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Titanic Letter Return Sought By John Edward Simpson Relatives After Auction

Ocean Liner and Cruise History

The descendants of a surgeon who died on the Titanic nearly 100 years ago are appealing for a benefactor to purchase a soon-to-be-auctioned letter he wrote from the doomed ship — and to return it to the city where the vessel was built.

A two-page note John Edward Simpson wrote to his mother days before the ship sank in April 1912 is to expected to fetch at least $50,000 at the auction later this week in Long Island, New York.

Simpson’s great-nephew John Martin said Sunday that the family can’t afford to buy it, but would love to see it back in Belfast.

“It would be great if a donor or benefactor could be found who would purchase and return it to Northern Ireland for public display,” he said.

Simpson’s letter, dated April 11, 1912, is written on notepaper headed RMS Titanic and is addressed to his mother, who was living in Belfast.

In the letter, Simpson, 37, said his cabin was larger than the accommodation on board theTitanic’s sister ship the Olympic, where he had previously worked. He also complained that he had found one of his trunks unlocked and that some money had been stolen from his pocketbook.

The surgeon, who treated second- and third-class passengers, signed off: “With fondest love, John.”

The letter was brought ashore at Cobh (now called Queenstown), Ireland — the Titanic’s last port of call before the ship set sail for America. It was dispatched to Simpson’s mother, Elizabeth, who lived on Belfast’s Dublin Road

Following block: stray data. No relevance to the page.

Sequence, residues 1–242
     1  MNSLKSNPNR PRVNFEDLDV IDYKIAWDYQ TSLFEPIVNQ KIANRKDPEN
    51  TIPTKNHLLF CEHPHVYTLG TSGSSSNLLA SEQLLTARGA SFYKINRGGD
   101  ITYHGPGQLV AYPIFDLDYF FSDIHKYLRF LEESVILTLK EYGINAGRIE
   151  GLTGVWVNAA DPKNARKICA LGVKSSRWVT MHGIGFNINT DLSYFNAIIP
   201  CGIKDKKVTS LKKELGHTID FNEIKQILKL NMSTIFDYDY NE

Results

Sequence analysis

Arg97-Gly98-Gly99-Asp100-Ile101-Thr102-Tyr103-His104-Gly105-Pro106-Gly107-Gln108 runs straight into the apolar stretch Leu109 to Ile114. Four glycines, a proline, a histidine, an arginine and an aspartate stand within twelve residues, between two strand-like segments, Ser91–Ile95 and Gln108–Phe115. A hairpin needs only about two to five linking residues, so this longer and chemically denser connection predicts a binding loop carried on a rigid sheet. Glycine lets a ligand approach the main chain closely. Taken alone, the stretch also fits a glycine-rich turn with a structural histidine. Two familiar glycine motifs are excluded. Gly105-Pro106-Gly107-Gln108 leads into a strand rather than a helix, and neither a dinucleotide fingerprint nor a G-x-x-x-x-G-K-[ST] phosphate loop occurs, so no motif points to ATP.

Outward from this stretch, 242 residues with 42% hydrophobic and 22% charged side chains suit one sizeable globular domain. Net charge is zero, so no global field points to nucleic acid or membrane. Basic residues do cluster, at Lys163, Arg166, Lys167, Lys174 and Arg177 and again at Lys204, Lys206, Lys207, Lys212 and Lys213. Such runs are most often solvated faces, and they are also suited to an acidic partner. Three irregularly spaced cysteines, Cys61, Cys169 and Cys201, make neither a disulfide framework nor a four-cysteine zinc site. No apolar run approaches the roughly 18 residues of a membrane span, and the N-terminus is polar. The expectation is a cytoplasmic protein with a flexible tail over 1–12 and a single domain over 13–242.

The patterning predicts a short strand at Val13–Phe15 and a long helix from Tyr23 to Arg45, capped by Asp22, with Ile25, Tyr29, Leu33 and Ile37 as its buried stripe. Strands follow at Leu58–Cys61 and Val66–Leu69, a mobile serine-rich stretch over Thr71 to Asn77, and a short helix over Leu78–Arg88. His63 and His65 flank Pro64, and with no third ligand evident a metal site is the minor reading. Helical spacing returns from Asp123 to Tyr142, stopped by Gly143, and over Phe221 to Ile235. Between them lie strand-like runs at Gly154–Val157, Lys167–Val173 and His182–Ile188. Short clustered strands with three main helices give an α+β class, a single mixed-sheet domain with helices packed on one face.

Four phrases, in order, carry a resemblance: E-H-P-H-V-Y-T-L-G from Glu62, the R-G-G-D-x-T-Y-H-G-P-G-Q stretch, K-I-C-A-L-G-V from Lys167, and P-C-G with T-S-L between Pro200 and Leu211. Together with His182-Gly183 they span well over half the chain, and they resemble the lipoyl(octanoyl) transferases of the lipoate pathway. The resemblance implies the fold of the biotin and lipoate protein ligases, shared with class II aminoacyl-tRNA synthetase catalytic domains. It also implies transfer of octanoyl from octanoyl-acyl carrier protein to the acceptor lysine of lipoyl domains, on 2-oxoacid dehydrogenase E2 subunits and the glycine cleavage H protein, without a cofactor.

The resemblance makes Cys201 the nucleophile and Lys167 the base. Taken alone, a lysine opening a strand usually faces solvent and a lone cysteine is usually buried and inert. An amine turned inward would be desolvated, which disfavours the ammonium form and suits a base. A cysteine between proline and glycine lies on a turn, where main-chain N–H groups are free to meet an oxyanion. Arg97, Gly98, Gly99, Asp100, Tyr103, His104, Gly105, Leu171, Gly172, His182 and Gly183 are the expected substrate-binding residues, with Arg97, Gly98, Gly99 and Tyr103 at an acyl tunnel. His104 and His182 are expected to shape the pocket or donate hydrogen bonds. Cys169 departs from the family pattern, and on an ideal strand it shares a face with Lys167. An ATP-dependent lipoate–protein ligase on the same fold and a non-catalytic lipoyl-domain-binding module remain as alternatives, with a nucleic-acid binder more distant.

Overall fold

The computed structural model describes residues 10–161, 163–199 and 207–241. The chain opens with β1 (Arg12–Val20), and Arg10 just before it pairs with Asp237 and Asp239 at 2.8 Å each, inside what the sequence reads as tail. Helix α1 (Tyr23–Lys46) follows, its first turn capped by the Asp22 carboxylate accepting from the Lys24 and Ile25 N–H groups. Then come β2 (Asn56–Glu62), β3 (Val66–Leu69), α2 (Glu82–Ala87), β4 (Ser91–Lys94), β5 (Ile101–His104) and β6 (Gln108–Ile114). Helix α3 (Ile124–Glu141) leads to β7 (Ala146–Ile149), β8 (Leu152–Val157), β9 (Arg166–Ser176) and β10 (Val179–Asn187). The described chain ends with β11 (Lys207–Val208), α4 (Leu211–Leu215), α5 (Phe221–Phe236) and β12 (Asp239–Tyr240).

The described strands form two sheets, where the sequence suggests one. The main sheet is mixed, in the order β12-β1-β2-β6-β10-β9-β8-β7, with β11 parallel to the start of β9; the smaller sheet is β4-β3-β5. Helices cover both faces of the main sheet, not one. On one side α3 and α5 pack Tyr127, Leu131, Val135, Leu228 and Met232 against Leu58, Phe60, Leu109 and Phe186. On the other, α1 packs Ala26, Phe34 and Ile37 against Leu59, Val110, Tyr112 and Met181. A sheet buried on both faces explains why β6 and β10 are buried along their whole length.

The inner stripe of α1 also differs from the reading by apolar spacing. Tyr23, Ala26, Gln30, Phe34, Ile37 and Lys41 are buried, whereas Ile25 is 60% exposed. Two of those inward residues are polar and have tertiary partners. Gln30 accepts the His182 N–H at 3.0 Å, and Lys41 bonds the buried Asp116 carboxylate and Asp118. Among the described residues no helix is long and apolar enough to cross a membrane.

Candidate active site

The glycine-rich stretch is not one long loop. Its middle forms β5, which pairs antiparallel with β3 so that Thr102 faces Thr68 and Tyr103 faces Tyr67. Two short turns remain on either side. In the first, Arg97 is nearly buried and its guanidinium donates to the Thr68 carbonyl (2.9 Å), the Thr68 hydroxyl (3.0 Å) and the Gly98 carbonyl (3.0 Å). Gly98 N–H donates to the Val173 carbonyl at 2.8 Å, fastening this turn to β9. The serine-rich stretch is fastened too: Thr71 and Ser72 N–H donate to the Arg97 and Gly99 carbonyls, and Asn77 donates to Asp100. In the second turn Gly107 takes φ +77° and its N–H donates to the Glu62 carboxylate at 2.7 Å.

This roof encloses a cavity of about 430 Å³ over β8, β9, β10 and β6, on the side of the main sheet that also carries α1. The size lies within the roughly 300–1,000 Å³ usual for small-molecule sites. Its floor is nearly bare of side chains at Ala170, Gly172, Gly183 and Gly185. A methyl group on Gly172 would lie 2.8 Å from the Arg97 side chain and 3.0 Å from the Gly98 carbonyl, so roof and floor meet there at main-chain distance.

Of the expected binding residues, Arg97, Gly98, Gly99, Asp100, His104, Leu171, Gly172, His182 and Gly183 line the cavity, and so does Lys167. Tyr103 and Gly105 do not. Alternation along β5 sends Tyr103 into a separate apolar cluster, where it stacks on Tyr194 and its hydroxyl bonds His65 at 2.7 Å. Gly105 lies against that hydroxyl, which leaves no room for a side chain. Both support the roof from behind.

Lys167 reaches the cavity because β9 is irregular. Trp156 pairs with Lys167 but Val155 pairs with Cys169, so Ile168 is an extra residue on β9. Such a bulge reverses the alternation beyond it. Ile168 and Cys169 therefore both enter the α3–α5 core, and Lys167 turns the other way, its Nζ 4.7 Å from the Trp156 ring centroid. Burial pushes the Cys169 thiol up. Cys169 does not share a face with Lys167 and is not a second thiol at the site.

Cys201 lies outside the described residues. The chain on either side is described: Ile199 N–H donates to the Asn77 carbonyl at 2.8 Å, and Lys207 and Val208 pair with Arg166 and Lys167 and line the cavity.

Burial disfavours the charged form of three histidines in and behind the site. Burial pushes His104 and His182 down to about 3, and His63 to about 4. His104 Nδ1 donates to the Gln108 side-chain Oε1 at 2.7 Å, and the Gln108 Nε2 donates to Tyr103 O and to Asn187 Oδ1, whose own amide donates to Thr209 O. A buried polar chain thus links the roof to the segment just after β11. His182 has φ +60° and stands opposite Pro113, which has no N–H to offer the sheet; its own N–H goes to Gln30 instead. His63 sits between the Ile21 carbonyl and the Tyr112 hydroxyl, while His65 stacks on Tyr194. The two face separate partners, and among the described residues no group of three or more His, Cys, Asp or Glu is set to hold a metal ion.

Three days later, he died along with 1,500 others after the ship struck an iceberg.

Martin said his family had held onto the letter for generations, but that Simpson’s 81-year-old daughter-in-law gave it to a Titanic enthusiast in Holland 15 years ago. The family lost track of the letter until learning it is to be auctioned by Philip Weiss Auctions.

Simpson’s story will form part of a new Titanic Belfast visitor attraction opening in Belfast next month ahead of the 100th anniversary of the sinking.

Martin said the letter provided a rare insight into the life of one of the ship’s officers.

“There are references within the letter which give a bit of humanity to the man who died, and he did die bravely,” he said. “It puts a human face on what could be another statistic.”

An account of the last moments of the Titanic written by 2nd officer Charles Lightoller, who survived the disaster, is going on sale in the same auction.

In his letter, Lightoller describes Simpson walking calmly along the deck with other officers as the ship sank. Lightoller wrote: “They were perfectly calm in the knowledge they had done their duty,”

He continued: “We exchanged the words, ‘Goodbye, old man.’ This occurred shortly before the end and I am not aware that he was seen by anyone after.”

Lightoller’s letter is expected to fetch $20,000 at the same auction on March 2.

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